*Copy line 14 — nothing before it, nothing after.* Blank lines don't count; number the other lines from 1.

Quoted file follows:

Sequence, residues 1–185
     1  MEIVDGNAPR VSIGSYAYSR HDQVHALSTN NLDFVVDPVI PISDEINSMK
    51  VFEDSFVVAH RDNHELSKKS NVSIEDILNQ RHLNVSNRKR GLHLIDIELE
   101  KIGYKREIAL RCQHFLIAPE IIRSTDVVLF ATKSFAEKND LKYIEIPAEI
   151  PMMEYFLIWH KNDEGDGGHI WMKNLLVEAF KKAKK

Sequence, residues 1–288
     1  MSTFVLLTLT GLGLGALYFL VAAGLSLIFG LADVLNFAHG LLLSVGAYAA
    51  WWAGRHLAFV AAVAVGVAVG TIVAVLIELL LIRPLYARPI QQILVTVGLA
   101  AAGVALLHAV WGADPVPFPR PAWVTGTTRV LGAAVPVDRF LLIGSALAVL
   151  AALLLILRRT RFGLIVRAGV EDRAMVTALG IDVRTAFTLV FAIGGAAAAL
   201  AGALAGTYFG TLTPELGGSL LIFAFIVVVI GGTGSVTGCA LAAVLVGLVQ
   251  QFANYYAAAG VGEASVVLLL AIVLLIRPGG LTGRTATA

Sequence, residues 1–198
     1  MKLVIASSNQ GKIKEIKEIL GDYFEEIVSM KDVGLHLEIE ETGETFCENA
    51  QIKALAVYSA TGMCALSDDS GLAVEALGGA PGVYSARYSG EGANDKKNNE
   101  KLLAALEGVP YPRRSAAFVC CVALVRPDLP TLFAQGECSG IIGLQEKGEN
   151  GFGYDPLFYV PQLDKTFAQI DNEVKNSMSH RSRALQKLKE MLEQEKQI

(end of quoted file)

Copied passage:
     1  MKLVIASSNQ GKIKEIKEIL GDYFEEIVSM KDVGLHLEIE ETGETFCENA